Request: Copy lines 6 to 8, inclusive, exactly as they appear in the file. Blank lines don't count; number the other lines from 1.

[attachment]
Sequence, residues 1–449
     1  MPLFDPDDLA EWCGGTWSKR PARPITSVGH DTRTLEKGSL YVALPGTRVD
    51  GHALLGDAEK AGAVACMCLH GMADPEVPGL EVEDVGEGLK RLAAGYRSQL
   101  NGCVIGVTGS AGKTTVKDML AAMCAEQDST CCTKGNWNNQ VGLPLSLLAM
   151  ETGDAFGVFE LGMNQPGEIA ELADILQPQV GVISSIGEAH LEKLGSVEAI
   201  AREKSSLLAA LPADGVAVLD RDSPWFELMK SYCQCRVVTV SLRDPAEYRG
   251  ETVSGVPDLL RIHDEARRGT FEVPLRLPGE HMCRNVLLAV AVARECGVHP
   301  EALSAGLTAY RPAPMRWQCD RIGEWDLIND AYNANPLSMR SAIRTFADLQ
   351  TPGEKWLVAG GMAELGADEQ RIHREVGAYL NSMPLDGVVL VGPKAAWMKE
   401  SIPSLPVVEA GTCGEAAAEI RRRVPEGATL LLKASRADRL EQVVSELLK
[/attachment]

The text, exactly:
   201  AREKSSLLAA LPADGVAVLD RDSPWFELMK SYCQCRVVTV SLRDPAEYRG
   251  ETVSGVPDLL RIHDEARRGT FEVPLRLPGE HMCRNVLLAV AVARECGVHP
   301  EALSAGLTAY RPAPMRWQCD RIGEWDLIND AYNANPLSMR SAIRTFADLQ